Packaging Know-How

Jan. 1, 2001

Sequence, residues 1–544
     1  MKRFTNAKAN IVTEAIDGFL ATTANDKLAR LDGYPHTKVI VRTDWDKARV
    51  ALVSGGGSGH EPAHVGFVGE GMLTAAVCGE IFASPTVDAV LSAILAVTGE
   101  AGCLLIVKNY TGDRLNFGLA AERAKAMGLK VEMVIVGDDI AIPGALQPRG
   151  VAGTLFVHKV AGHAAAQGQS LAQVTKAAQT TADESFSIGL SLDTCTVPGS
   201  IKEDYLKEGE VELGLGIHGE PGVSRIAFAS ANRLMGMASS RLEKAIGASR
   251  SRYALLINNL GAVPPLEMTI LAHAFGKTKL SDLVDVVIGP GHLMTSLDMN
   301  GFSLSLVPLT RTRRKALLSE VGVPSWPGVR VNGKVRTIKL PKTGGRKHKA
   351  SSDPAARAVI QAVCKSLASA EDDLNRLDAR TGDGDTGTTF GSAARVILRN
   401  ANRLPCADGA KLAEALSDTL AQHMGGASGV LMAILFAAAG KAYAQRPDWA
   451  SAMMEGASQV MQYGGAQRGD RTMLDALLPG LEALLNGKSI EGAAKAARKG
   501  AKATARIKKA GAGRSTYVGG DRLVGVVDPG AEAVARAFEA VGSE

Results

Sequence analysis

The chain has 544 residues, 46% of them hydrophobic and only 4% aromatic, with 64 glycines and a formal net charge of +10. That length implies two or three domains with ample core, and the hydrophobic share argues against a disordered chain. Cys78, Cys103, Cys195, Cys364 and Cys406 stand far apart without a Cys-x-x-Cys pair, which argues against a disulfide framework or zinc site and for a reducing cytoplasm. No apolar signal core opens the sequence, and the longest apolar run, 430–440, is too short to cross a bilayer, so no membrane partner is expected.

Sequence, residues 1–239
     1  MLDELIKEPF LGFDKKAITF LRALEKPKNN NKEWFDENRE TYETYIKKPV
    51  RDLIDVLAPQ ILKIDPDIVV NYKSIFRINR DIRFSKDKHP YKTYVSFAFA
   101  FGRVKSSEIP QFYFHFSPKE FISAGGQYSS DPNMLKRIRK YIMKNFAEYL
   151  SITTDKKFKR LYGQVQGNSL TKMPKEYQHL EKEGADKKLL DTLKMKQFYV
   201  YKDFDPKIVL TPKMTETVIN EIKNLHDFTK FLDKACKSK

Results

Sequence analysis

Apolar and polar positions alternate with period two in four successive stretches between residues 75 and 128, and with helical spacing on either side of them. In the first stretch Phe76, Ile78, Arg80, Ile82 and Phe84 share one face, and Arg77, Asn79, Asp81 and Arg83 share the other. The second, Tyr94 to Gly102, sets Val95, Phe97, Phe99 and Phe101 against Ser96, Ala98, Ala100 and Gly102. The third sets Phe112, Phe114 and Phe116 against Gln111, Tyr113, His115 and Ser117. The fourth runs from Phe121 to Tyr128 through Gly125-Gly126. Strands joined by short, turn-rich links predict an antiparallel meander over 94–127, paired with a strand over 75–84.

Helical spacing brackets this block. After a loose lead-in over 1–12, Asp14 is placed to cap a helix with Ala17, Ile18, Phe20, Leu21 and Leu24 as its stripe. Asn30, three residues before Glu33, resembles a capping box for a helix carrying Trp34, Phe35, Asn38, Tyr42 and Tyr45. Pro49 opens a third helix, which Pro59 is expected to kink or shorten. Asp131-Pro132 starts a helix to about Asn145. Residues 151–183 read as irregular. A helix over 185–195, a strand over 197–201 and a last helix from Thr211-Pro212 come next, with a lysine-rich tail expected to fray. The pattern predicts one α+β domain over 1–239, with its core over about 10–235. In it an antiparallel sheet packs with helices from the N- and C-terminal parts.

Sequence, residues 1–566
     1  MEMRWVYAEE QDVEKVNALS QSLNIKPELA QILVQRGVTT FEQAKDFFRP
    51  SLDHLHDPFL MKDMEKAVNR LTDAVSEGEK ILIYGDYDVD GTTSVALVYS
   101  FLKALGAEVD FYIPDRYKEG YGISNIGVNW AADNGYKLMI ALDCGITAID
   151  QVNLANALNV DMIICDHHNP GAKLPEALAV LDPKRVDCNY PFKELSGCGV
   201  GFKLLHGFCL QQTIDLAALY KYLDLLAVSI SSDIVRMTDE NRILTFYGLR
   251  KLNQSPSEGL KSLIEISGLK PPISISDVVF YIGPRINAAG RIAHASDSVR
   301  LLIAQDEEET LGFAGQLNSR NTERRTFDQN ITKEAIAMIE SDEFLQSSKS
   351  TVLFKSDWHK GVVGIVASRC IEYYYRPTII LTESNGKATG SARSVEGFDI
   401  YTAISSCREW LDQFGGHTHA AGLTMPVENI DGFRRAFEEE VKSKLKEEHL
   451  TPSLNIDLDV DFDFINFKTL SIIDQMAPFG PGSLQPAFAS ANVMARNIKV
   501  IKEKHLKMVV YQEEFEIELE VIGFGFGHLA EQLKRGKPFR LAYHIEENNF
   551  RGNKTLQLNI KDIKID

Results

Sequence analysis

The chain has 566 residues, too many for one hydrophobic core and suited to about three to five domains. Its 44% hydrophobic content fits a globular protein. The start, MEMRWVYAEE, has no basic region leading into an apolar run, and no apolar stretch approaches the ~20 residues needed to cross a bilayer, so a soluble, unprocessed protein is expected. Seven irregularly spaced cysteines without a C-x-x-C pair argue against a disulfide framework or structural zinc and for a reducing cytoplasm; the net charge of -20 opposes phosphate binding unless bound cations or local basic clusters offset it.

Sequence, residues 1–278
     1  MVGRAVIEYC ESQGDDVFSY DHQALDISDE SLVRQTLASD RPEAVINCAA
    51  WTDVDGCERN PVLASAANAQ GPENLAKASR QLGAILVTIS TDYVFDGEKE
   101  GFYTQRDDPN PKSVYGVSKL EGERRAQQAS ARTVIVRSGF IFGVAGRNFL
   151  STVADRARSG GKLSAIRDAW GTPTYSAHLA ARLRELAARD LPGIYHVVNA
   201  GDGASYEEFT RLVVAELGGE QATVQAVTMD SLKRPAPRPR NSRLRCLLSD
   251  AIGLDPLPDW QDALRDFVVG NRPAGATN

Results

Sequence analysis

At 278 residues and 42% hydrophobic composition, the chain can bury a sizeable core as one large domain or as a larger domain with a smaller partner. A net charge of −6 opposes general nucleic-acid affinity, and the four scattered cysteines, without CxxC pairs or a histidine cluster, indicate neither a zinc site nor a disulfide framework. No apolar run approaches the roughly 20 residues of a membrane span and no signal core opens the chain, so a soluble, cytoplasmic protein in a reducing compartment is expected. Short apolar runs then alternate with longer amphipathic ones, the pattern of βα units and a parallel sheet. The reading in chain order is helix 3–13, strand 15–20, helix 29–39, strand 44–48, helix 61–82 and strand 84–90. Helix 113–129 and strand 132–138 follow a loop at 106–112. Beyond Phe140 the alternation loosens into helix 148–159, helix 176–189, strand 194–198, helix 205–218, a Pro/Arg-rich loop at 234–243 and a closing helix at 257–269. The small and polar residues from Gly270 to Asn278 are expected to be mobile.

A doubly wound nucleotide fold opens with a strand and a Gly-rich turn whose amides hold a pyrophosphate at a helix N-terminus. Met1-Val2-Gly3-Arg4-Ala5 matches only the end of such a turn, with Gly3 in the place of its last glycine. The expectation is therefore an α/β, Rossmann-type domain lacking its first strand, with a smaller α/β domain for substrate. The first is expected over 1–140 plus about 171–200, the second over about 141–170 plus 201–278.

At IECA’s Annual Conference & Expo, many of you will be taking the CPESC review course, on your way to joining the thousand or so Certified Professionals in Erosion and Sediment Control. It seems like a good chance to remember what those five letters can do for you. For starters – as people know in Illinois – they help close the gap between what you do and what others think you can do. The Illinois Department of Agriculture (IDOA) is driving home that point for technical staff in some of its 98 Soil and Water Conservation Districts (SWCDs). Though they’ve traditionally dealt with soil conservation practices on cropland, these resource conservationists, as they’re known, are increasingly working on urban conservation too. As NPDES Phase II looms closer, they’re being sought for their expertise in urban stormwater runoff management, erosion control, and sediment retention. The problem is that while most are qualified to deal with these issuesRealizing certification could help build credibility, IDOA two years ago offered to pay the application fee and cost of the training modules for any SWCD employee who qualified to take the CPESC exam. At the first IDOA-sponsored exam in 1999, two Natural Resource Conservation Service and 17 SWCD employees passed the test.  Today, about 30% of SWCD technical personnel are CPESCs. Some cities’ ordinances now call for a CPESC, rather than an engineer, to review proposed ESC plans.For Tim McMahon, Lake Decatur watershed technician with the Macon County SWCD, the certification is piece of ammunition he’s used in the fight to get a county stormwater management and erosion control ordinance passed. “We thought this certification would give us some credibility among engineers and county and city officials, which it definitely has. Even though we did the same thing before, they didn’t look at it that way. If you don’t have ‘P.E.’ behind your name, they don’t look at you twice. But when they see ‘CPESC,’ it shows that you have qualifications.” Still, there are always reminders that understanding is by no means universal: McMahon says he was called a “special interest group” at one of the meetings to discuss the ordinance.Recognized expertise can also help bridge the gaps between conflicting local requirements. “We are inundated with development,” says Ed Weskerna, district manager of McHenry County’s SWCD. “There’s a lot of conflict that results, such as one municipality taking a different look at erosion control than another would. Developers will take advantage of that. They’re pitting one municipality against another in trying to ignore or reduce the requirements for erosion control on their construction sites.” The county is now developing a countywide stormwater management plan, and Weskerna’s office was approached to help formulate the ESC portion. He believes the certification had a lot to do with that request.A CPESC since 1994, he says, “It’s given me self-confidence in dealing with engineers who are creating erosion control plans. It gives me the stamp of approval, so to speak, because I have a certification behind me from a professional organization, just as an engineer has a registration. So we’re looking upon each other as equals when they create the plan and I review it.”The knowledge is what’s important, but it’s often the packaging that gets the knowledge where it needs to be.